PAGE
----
Jimmie Taylor (Rider)

A budding long-range star, Taylor scored 19 points overall in the loss, and was instrumental in Rider’s comeback.

Jamail Jones (Florida Gulf Coast)

Jones isn’t one to hang out on the interior all game and grab defensive rebounds — the wing has grabbed more than five defensive boards just a handful of occasions in 2014 — but his play on the glass (ten defensive rebounds) helped stymie Mercer’s offense.

Briante Weber (VCU)
Weber, whose spent this season transitioning to VCU’s full-time, true point guard, hit a large speed bump, committed six turnovers.

Steven Spieth (Brown)
Referees ruled Spieth had foul a Maodo Lo by impeding his path to a loose rebound, and Lo, an 84 percent free throw shooter, made both attempts to break to tie and give Columbia a home win.

UIC’s offense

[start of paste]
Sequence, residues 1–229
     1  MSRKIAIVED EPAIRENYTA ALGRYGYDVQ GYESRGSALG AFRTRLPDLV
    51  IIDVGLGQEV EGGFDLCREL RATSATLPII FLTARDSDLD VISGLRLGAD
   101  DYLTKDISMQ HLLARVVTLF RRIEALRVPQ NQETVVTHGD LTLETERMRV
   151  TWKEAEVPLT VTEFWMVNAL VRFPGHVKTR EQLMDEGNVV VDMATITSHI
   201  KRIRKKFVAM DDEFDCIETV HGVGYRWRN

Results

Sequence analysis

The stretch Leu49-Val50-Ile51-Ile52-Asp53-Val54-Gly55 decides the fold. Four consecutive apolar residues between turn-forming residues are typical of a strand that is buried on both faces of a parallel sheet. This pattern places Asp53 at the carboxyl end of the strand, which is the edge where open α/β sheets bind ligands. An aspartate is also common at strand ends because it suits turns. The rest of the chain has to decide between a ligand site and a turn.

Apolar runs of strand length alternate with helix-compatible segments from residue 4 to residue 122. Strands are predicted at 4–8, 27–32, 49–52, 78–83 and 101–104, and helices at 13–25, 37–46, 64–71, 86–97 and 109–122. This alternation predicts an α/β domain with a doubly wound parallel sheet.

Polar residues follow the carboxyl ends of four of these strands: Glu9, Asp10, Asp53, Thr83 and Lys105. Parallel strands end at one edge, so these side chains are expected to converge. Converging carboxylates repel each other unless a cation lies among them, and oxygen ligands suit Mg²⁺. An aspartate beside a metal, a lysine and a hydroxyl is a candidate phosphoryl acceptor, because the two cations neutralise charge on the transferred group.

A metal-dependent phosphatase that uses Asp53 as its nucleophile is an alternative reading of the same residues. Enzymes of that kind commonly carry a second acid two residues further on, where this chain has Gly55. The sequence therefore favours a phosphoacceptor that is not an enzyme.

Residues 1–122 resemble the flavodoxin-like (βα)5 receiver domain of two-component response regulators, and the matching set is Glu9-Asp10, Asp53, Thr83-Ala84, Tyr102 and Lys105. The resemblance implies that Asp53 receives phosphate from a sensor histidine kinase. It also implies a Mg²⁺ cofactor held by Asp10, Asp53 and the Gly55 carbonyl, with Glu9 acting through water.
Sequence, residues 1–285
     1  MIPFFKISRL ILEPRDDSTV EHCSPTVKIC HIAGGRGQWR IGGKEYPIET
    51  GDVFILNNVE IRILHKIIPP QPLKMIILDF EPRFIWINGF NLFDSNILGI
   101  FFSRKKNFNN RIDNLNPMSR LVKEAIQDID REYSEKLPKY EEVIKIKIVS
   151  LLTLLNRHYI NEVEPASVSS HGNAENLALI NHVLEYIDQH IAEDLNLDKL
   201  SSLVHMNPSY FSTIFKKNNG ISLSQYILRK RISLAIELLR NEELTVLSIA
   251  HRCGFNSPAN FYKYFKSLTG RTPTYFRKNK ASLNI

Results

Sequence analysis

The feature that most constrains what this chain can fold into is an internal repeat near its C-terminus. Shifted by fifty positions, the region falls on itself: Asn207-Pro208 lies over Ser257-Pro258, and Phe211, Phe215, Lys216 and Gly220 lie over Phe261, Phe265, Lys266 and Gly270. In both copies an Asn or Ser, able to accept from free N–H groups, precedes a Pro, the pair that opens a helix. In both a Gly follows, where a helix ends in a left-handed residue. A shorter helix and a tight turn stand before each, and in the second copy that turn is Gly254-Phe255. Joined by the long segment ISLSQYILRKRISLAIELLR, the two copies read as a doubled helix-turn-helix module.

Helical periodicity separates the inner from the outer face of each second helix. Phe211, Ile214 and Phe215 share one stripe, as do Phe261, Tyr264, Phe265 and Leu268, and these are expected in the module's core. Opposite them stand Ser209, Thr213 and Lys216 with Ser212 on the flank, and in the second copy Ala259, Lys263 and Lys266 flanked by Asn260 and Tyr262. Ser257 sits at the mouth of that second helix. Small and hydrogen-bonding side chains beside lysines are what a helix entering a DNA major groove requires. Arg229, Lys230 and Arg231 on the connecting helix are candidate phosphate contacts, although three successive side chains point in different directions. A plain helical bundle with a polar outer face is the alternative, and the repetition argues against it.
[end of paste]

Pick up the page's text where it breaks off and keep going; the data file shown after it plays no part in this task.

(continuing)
Oakland has always been known more for its offensive, and not defensive, schemes, but the former Summit League member limited UIC to just over one point per possession and only twelve two-point field goal makes.

-It’s possible to make both the struggled and notables list in the same night! When Briante Weber recorded three steals, he became the first Ram to surpass 100 steals in a single season. He is swiping five steals per 40 minutes, and since VCU still has four regular season games remaining (not including the A10 tourney and a possible postseason appearance), Weber should boost this record substantially.

Sunday’s Pregame Shootaround: Louisville has first test of the season against North Carolina

Rick Pitino, Russ Smith
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GAME OF THE DAY: No. 3 Louisville vs. No. 24 North Carolina, 1:00 p.m. (ESPN)